they give you a high level overview and by the way you didn't drop the bottom lose your benefits to for life. So as long as you have your your certificate of eligibility, then you can tap into us whenever you need to. The primary advantage for it is you're going to be using government so the government insured loan so your interest rates compared to conventional are going to be significantly lower typically, about three years for half percent may not seem like a lot but the couple 300 bucks a month it makes a difference on a house payment. The big draw is zero down which means There's no downpayment, right. And so you pay a USDA funding fee. And that funding fee is for the pleasure of that loan. But there's no mortgage insurance attached to it. And your earnest money that you put down, when you purchase the property, you get back at closing, when the seller pays the closing cost. So 95% of all VA purchases, the sellers paying everything, right, it's negotiated right into the contract. And so this is where you know not to be redundant, I don't want to appear that I'm trying to pick on somebody who has, who was a veteran, who's, you know, hasn't bought a house, but you know, if you if you're if you if you have the VA benefits, they are there for a reason, you know, and they are powerful. They're the most powerful loan program in our industry, I regret my father talking me out of the Marines, because I would have liked to have had it early on, because it would have given me such a leg up. I mean, do the math, if you're 2223 24 years old, and you buy your first house or condo, where you're going to be in 10 years compared to renting. But you're in just a different league all of a sudden, right? You now have assets and financial worth that is usable to further your own security, your own wealth creation. And wealth is not unlimited by a turn like like grandiose? Well, I'm not talking about that what we're talking about, for me, the value of having wealth is about security, it's about control, we're going to have another variant of colored money these days, right? It's precedence presence has been set. And what if your construction company shuts down from from three months ago? Right? What's going to happen? Do you have the financial means to actually hang on to it? Or are you going to wait for the government to give you a check, and see if that's going to be enough time to write. And so that's what's really important, why we always stipulate and try to expand our program benefits, so that there isn't any logical reason for someone to feel they have to stay in the living environment that they're at, or the financial environment that they're at. And if and I can tell you, you know, when you've got people in front of you, with tears in their eyes, thanking you for something that they didn't know they would ever even achieve, it is the most not just heartwarming. Those are what we consider your going home. Plus, those are our profits. You know, someone comes in, they pay the fee, we make our money. Now, Raven, so where's my Where's, where's the real game? Here? The game is the goodwill and our working families, right? The only way and probably just a gift for those who have any curiosities about Well, wait a minute, how can you possibly afford to keep doing all this? Right? So me, how do you afford to give us 25% of your commissions back? How do you 40 Give us lower rates and fees? How do you give $1,000 In every transaction back to the Union nonprofit? How do you even do that? Well, it's really simple. It has been simple. We take the same monies that are always available on a transaction, and we redistribute them so that all stakeholders benefit. So we're not there's nothing behind the curtain. It's all very transparent. But it all comes down to one thing, it comes down to a nursery to the benefit of the homeowner. And in this case, it happens to be are you both assessors?Joe Cadwell:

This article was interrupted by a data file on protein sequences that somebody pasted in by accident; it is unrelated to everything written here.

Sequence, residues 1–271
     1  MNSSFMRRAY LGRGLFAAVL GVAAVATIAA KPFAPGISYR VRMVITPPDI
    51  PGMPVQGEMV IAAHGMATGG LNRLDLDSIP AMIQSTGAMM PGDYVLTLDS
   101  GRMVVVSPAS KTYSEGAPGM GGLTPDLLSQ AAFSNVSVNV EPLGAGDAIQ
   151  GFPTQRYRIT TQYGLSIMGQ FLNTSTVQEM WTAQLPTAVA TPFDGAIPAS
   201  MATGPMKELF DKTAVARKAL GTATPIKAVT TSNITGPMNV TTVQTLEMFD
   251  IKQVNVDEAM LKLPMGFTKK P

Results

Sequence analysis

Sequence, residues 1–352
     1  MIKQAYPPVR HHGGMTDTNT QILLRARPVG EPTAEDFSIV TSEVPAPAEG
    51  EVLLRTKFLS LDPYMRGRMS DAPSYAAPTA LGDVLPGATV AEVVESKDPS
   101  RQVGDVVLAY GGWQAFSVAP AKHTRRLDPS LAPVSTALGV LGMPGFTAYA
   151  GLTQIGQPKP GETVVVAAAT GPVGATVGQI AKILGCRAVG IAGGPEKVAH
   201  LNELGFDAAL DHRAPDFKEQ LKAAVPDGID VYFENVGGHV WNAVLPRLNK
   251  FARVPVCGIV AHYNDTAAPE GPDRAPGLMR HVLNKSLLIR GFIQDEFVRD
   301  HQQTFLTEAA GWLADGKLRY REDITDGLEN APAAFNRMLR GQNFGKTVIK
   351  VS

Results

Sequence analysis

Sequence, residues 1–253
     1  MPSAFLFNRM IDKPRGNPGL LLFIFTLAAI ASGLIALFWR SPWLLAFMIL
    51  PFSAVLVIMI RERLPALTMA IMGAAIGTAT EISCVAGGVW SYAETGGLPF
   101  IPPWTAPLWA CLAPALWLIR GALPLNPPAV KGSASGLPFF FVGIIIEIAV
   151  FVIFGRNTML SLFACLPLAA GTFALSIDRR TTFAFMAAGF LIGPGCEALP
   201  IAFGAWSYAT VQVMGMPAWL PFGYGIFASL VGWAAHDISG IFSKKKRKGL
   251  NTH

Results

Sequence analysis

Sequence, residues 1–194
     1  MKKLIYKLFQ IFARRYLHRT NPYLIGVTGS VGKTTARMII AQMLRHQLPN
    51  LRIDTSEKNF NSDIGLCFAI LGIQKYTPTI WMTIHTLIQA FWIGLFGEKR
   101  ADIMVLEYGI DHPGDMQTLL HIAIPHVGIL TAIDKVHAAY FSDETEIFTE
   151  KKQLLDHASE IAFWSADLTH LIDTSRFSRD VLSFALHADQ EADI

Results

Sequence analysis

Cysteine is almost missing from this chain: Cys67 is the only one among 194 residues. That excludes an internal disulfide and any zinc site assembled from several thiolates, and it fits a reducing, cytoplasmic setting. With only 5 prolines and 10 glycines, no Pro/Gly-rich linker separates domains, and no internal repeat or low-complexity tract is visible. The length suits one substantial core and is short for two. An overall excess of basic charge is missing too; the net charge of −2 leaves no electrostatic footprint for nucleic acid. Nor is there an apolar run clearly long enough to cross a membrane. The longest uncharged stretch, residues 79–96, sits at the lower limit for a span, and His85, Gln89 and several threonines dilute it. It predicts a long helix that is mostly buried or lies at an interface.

I tell you I was while I was listening to you there it just, I was thinking back just before COVID started, my wife and I we made a trip to New York City, we stayed at an Airbnb down in the Flatbush region, we rented a room from a guy, Russian guy that had an apartment, you know, a very small apartment. And I've reflected back so many different times on how that guy must have felt riding out the pandemic for last 1618 months in this, this extremely tiny apartment. But I'm just so thankful that, you know, the house that we have was was the home that we rode the storm out in. And I couldn't imagine the you know, like you said earlier trying to do homeschooling trying to just keep from going stir crazy in a place that's literally 350 square feet, or maybe a little larger in our area. But still, the benefit of having a home and having some some place to actually call home not just the house, but an actual home that belongs to you. I think that's just a fantastic things that you guys are doing and helping our union members get into a place to call home. So I took a couple notes. And we're just gonna go I'm gonna keep it simple. You know, right now there's no better time and place to buy. I mean, you're you're not going to do any better. Holding on waiting for things to tank, alright, just doesn't seem possible. So get in now and work with someone local. I mean, if we really had to put it in a nutshell, get in now work with someone local, someone who knows the market, someone who is concerned for your best interest like Union Homeplus is and work with them. And it all starts with a phone call. Patrick, what is that number and who can call you. I know you're in the Seattle area is that just for Seattle just for Washington State.Patrick Town: